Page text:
Learn How To Cycle Safely With Cycling UK’s Free Webinars

Cycling in traffic
(Image credit: Unknown)

While riding a bike is famously a skill that you never truly lose, cycling on roads is a different kettle of fish altogether. Even the most steady cyclist may find themselves unnerved the first time they hear a vehicle approaching from behind.

It’s a perfectly understandable feeling, but the good news is that the perception of how dangerous roads are for cyclists is not always in line with the reality and there are techniques which can make cycling on roads about as safe as can be. One of the best tips we’ve been given is to make eye contact with other road users, because communication is essential whichever mode of transport you use.

For more tips, whether you’re a completely new or experienced rider, sign up for a free cycling proficiency webinar put on by Cycling UK in partnership with Clif, maker of energy bars. There are two sessions, and each is run five times so you should be able to find a date and time to suit your schedule.

The Beginner/Intermediate session runs through the basics of equipment, bike set-up and road skills. The first class is on Monday 28th September at 7.30pm, with sessions held at 12.30pm and 7.30pm the following two Mondays.

The Advanced course includes advice on how to stay safe at multi-lane junctions and filter past stationary traffic. This course mirrors the same schedule, but runs on Tuesdays. See the full schedule and register on the Cycling UK website.

To give you a flavour of what’s in store, and hopefully make you a safer cyclist just by reading this, we asked Matt Lamy of Cycling UK for some beginner tips. Here’s what he came back with.

Three Beginner Cycling Safety Tips

1. Set your saddle at the right height

When you’re new to cycling, it’s common to have your saddle too low, which means you have less leg power for pedalling. When setting up your bike, set your saddle height to allow a very slight bend in your knee when your foot is at the bottom of the pedal stroke. If you’re unsure of how to do this, your local bike shop will be happy to help.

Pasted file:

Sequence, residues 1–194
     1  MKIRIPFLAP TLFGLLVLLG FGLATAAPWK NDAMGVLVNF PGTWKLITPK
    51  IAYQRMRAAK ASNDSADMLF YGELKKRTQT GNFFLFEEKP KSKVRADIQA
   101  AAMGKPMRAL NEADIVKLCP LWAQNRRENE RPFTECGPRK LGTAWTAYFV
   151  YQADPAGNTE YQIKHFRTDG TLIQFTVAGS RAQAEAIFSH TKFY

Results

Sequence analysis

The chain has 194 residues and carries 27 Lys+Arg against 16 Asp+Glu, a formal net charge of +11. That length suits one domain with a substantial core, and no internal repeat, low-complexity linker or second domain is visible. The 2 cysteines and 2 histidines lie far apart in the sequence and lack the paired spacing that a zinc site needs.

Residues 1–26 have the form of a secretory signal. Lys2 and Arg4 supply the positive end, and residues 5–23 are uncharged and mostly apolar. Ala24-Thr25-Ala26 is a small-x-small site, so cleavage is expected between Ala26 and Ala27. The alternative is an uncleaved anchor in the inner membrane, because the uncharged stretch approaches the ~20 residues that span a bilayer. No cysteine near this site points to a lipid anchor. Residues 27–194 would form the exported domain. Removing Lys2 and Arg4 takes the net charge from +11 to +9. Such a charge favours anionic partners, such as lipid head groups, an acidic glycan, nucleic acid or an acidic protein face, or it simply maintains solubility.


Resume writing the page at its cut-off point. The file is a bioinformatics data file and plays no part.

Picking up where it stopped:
2. Don’t hide on the edge of the road

It’s common for new cyclists to keep tight against the kerb to stay out of the way of traffic. The downside is that other road users may take advantage of this and often try to squeeze past you in places where there is not enough room to do so safely. You could be in danger of colliding with the kerb or puncturing your tyres from debris on the side of the road, and also risk not being seen by other vehicles. Be confident and ride about a metre from the kerb.

3. Make sure your helmet is on properly

While helmet use is not compulsory, if you do wear one it is important to make sure it is fitted correctly. First of all, check that it is the right way round – we often see riders with them on back to front – and ensure it is sitting level on your head, evenly protecting the front and back of your skull. The straps should be done up comfortably under your chin. When you purchase a helmet, the bike shop can also help you fit it and adjust it properly.

Nick Harris-Fry
Senior writer

Nick Harris-Fry is a journalist who has been covering health and fitness since 2015. Nick is an avid runner, covering 70-110km a week, which gives him ample opportunity to test a wide range of running shoes and running gear. He is also the chief tester for fitness trackers and running watches, treadmills and exercise bikes, and workout headphones.